Because Lilly had licked a lot of the dye off and become very sick, the magistrate said it was almost a case of fatal poisoning. (Margaret denied knowing anything about Otto, claiming that he was a friend’s cat that she had taken to the animal hospital as a favor for her.)
Mrs. Anna Doyle, Margaret Owen’s probation officer, was convinced that Margaret had not intended to harm the cats. Lilly had survived the ordeal, so Mrs. Doyle asked the judge to go easy on Miss Owen.
“You’re a spoiled child,” the magistrate admonished Margaret during her sentencing. “What you need is a guardian. Are you married? No? Then I’ll send you back to your father until you get another guardian.”
In addition to remanding Margaret to her parents in Florida, Judge Hatting told her that the Humane Society would have custody of Lilly until her blue color had vanished.
Margaret’s Story Goes Viral
Within days after Margaret appeared in court with Lilly, the story of the blue-dyed cat that had died from dyeing (referring to Otto) made all the major newspapers across the United States. Her story was also cabled to the Paris newspapers, where the idea of dying your pets to match your wardrobe was much appreciated by the high-society Parisian women.
The Paris women were a little more intelligent, though. First, they thought it would be better to dye their dogs, since cats aren’t fond of parading about with their mistresses. They also found that coffee, caramel, or tea, mixed with cream (and a little bit of quinine to discourage licking), made a great safe dye.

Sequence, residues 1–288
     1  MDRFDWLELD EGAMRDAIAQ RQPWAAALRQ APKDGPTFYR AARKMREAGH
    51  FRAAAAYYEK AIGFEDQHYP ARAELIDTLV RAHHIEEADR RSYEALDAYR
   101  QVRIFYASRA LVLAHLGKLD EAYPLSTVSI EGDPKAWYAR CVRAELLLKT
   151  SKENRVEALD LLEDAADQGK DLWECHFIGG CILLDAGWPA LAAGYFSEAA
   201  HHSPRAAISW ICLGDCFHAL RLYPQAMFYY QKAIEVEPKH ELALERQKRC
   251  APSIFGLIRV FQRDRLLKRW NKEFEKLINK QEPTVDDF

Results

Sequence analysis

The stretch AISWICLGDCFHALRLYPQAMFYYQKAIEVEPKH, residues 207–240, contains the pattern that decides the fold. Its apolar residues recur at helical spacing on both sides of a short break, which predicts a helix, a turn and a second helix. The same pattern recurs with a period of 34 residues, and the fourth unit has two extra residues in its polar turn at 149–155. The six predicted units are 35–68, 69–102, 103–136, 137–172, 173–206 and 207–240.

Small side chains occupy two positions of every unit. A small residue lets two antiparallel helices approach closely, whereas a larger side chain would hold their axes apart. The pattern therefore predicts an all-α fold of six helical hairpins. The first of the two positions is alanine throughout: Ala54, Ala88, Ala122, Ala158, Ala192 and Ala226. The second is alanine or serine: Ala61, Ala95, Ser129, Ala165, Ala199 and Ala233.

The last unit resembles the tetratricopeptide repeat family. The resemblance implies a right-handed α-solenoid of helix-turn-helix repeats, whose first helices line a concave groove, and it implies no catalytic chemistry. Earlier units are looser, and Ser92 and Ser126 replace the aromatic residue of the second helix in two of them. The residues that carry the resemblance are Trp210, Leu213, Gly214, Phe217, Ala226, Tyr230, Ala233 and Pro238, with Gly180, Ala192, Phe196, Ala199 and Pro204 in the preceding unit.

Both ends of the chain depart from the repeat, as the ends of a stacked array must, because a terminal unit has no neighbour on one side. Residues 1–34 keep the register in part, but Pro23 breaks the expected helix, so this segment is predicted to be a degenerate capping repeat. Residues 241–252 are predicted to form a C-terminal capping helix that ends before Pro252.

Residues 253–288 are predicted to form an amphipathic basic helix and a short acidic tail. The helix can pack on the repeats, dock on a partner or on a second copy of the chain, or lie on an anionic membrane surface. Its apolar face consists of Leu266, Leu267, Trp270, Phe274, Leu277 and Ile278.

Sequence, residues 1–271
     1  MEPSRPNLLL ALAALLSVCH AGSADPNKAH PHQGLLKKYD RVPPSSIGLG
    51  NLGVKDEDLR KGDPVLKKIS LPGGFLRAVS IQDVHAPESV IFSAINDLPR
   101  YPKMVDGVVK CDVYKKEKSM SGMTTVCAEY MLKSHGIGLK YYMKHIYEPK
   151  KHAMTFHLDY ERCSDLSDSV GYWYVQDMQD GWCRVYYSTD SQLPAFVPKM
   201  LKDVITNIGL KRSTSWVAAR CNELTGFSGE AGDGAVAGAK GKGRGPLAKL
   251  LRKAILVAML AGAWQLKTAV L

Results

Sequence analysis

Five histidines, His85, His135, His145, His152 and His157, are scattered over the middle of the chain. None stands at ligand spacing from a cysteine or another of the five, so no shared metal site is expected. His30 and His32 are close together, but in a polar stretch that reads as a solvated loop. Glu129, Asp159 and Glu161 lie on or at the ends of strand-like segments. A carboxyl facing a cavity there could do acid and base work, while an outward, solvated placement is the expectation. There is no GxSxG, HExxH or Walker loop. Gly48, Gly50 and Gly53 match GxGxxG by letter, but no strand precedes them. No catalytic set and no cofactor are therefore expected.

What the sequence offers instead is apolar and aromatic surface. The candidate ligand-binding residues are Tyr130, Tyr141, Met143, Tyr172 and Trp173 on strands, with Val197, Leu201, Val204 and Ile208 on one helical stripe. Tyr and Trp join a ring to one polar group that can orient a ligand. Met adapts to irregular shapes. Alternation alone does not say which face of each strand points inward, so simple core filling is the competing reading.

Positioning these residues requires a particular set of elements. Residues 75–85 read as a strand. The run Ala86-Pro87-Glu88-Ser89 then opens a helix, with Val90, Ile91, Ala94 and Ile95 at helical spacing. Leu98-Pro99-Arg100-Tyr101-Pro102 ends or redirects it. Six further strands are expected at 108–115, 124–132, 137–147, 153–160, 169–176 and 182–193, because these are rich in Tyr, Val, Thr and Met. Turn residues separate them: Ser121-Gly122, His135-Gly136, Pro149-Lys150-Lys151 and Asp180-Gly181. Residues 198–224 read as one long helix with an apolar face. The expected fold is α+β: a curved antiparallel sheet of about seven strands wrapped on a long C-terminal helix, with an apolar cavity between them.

Superintendent Moran was completely against this fad, and had a reputation for prosecuting those who tried it in New York City. Even if coffee, tea, and caramel was used, he said, these were poisonous for animals, and thus, punishable under the law as a misdemeanor crime against animals.
10 Years Later…
I do not know what happened to Margaret Owen and Lilly. Hopefully they lived happily ever after in Florida, but for some reason I don’t think Margaret kept herself out of trouble for the rest of her life.
What I do know is that in 1930, Clarice Carleton Holland, the widow of Dr. Bukk G. Carleton, sold the building at 75 West 50th Street to William F. Beach, who in turn sold it the Underel Holding Corporation on behalf of John D. Rockefeller. By 1931 the holding corporation had acquired all the lots on the street, giving them the entire 50th Street frontage on which to construct Radio City Music Hall.
Once upon a time, a young woman dyed her cats blue in an old brownstone and brick apartment on this very site at the northeast corner of W. 50th Street and Sixth Ave. Radio City Music Hall opened on December 27, 1932. Photo by P. Gavan
Incidentally, the animal hospital where Margaret Owen brought Otto and Lilly is still in operation as the Miller-Clark Animal Hospital in Mamaroneck, New York. Established in 1902 at 118 West 188th Street (according to old newspaper ads), it is one of the longest running veterinary practices in New York.